National News

For Some Doctors, Almost All Medicare Patients Are Above Average

NPR News - Thu, 2014-05-15 08:02

Recently released Medicare data show that 1,800 doctors and other health providers nearly always charge Medicare the highest rate for patient care. Experts challenge the legitimacy of the charges.

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PODCAST: The inflation-interest paradox

Marketplace - American Public Media - Thu, 2014-05-15 07:55

Today we're trying to resolve a paradox. Inflation is on the rise in America, yet interest rates are getting lower still. On the one hand, there's word this morning the Consumer Price Index went up three tenths percent in April, the most in 10 months.  Yet, look at benchmark interest rates. To look at this we turn to Diane Swonk, chief economist at Mesirow Financial in Chicago.

And, we been covering an ongoing swarm of protests by fast food workers looking for higher pay in the U.S. Now the protests are going global, involving fast food workers across more than 30 countries, from Argentina to New Zealand. Marketplace's Krissy Clark has some international comparisons.

Meanwhile, in Jersey City and other towns along the New Jersey side of the Hudson River, small-scale entrepreneurs are taking aim at that urban ritual of waiting for the darned bus.  Private operators of mini-buses now ply the streets. Amid questions about safety and traffic, there are new regulations on the way. Marketplace's Dan Weissmann takes us to the "Wild West" of the Hudson.

 

A Sponge Cake's Long, Strange Trip: Germany To Denver, Via Japan

NPR News - Thu, 2014-05-15 07:47

The baumkuchen is an odd yet tasty layered German sponge cake baked on a spit. It arrived in Denver last year via a long, strange tour of Asia. Its history is as complex as its many layers.

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Educating Girls: Big Payoff For $45 A Year

NPR News - Thu, 2014-05-15 07:37

Girls without an education are six times more likely to marry young than those who've finished high school, according to a new report from the World Bank Group. Guest host Celeste Headlee learns more.

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Breaking Up Helped Ledisi Find 'The Truth' In Her Music

NPR News - Thu, 2014-05-15 07:36

Grammy-nominated singer Ledisi pulls no punches when talking about a failed relationship. She says it even became the inspiration of her latest album.

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The Pact That Turned A Juvenile Delinquent Into A Medical Doctor

NPR News - Thu, 2014-05-15 07:34

Not so long ago, Dr. Sampson Davis found himself in detention for a crime that could have sent his life in a completely different direction. He shares how his big break turned things around.

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FCC Gives Initial OK To New Internet Traffic Rules

NPR News - Thu, 2014-05-15 07:31

The commissioners voted 3-2 to push forward with proposed rules intended to guide how Internet traffic is regulated. Public comments on the proposal are due by July 15.

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Statuettes and medals

Marketplace - American Public Media - Thu, 2014-05-15 07:20

From the Marketplace Datebook, here's a look at what's coming up Friday, May 16:

In Washington, the Commerce Department reports on construction of new homes for April.

Viewers tune in to "The View" for Barbara Walters' final regular appearance.

Skip the gas pump. Fuel up on Wheaties instead. It's Bike to Work Day.

Gymnast Olga Korbut celebrates her 59th birthday. She wowed crowds with her gold medal winning moves in Munich at the 1972 Olympics.

And the first Academy Awards ceremony was held in 1929. "Wings" took top honors for best picture, the only silent film to do so.

After Cory Booker, Newark Takes A New Turn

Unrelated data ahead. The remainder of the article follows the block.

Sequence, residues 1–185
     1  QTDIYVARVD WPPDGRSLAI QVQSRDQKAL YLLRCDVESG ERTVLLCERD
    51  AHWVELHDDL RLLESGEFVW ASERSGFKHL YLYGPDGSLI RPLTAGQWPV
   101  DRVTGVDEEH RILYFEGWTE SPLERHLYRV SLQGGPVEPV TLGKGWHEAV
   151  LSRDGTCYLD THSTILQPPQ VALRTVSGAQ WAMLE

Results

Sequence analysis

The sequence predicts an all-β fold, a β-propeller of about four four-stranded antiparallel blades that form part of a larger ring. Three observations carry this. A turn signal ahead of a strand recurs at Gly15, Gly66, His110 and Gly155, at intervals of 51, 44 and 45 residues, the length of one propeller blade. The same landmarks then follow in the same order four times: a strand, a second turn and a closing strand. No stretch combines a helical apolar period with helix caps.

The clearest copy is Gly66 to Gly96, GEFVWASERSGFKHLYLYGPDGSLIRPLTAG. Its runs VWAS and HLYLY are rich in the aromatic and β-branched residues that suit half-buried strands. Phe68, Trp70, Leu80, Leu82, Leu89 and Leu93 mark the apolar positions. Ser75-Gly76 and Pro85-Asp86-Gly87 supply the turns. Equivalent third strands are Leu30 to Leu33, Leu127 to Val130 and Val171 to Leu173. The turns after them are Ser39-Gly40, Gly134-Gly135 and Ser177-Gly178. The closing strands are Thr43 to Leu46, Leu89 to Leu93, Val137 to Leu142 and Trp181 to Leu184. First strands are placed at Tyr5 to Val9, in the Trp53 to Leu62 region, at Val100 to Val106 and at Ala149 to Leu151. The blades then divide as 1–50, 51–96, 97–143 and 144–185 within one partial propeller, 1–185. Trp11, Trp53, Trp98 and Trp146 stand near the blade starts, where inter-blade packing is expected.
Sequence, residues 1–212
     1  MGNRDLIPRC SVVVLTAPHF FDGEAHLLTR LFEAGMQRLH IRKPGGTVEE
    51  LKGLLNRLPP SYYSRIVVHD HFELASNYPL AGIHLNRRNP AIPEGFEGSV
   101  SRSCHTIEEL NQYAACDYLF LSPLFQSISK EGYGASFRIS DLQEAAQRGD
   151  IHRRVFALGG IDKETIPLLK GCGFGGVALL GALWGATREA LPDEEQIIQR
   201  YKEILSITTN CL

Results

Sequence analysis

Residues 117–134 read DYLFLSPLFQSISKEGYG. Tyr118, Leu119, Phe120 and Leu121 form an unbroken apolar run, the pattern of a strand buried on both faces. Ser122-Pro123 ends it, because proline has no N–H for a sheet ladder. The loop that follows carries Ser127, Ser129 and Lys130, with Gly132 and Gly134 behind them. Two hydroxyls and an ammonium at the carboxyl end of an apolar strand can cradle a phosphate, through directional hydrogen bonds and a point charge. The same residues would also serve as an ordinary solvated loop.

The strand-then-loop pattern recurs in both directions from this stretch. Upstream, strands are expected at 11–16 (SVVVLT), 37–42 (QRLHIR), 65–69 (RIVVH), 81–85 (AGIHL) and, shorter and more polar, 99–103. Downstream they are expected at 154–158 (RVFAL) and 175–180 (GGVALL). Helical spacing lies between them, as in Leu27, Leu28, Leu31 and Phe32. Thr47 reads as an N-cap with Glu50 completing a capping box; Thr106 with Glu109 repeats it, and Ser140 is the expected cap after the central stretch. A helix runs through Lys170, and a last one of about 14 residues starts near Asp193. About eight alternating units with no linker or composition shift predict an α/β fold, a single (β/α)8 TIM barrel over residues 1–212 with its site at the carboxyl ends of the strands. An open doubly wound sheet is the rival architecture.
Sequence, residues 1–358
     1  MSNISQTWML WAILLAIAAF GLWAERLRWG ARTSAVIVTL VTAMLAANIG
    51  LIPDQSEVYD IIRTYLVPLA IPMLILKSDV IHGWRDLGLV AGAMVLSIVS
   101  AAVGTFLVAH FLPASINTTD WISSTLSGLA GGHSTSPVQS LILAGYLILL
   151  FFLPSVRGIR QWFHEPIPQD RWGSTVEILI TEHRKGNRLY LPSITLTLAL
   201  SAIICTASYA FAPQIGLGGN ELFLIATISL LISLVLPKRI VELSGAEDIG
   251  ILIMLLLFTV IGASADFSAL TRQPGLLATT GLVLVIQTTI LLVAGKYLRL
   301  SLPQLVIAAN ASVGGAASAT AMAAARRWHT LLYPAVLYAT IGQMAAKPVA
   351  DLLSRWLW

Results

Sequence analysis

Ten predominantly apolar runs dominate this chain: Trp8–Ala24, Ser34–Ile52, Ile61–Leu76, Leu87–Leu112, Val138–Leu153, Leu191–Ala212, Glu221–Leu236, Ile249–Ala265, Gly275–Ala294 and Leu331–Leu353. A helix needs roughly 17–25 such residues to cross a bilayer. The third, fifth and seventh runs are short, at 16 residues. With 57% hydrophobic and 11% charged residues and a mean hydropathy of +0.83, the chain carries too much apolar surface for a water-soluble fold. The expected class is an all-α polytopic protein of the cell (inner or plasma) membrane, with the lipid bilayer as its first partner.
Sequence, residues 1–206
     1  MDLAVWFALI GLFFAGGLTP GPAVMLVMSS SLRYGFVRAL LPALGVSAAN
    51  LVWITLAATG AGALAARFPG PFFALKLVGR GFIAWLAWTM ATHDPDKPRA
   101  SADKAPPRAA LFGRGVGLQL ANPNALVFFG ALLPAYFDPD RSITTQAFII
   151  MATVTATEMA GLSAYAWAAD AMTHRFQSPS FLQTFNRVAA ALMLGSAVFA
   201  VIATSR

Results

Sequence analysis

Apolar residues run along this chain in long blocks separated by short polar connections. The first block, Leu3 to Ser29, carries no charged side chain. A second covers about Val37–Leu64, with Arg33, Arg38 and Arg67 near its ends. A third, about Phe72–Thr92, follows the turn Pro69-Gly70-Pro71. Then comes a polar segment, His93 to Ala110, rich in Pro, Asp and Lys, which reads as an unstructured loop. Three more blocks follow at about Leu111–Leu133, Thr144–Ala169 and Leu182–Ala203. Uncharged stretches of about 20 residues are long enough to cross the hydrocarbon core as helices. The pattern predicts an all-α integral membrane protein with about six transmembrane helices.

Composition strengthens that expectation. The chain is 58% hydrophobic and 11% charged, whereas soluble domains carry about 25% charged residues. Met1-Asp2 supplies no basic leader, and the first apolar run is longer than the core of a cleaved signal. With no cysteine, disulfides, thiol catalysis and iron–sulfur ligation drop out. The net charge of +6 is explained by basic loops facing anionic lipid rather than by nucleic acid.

NPR News - Thu, 2014-05-15 07:13

Ras Baraka was elected mayor of New Jersey's largest city after criticizing the charter schools and corporate interests that thrived when Booker, the high-profile mayor-turned-senator, had the job.

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VA's Shinseki 'Mad As Hell' Over Alleged Delays At Facility

NPR News - Thu, 2014-05-15 06:55

At issue are accusations of delayed treatment and preventable deaths at the VA hospital in Phoenix. Eric Shinseki, the head of the Department of Veterans Affairs, is testifying before a Senate panel.

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'She's A Hero!' Boy Says Of Cat Who Fought Off Attacking Dog

NPR News - Thu, 2014-05-15 06:34

A family's story of how their cat ran off a dog that had attacked their young son is making waves far beyond Bakersfield, Calif., as the incident was captured in a dramatic video.

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San Diego County Wildfires Prompt Evacuations, State Of Emergency

NPR News - Thu, 2014-05-15 06:28

More than a half-dozen wildfires are burning in the Southern California county. Thousands of residents have been evacuated. Renee Montagne speaks with reporter Erik Anderson of member station KPBS.

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The cost of fast food meals calculated in worker wages

Marketplace - American Public Media - Thu, 2014-05-15 04:50

The push to raise fast food worker pay in the U.S. has just gone global. As day broke on May 15 around the world this morning, fast food restaurants from the Filipino capital of Manila, to mid-town Manhattan have seen flash mobs and protest signs. Workers at McDonalds, Burger Kings, Wendy’s and KFC’s across more than 30 countries are planning actions today.

How does fast-food work in the U.S. compare to other countries? First, you need to understand how important international markets have become for the fast food industry, which has by now just about saturated the U.S. market.

Take, for example, McDonalds. Today more than 70 percent of its sales come from overseas. One of the people who rings up all those burgers and fries is Taylor McLoon, 18, a McDonald’s cashier in Auckland, New Zealand. In New Zealand minimum wage is much higher than in the U.S., and McDonald's workers are unionized.

After three years working at the company, McLoon says she now makes $14.80 an hour in New Zealand Dollars—that’s about $12.80 in U.S. Dollars. When she recently visited Philadelphia, and told some McDonald's workers there how much she earns, they were “shocked, surprised, excited,” she recalls. “A lot of the expressions were ‘Holy—‘ Something-I’m-Not-Gonna-Say.”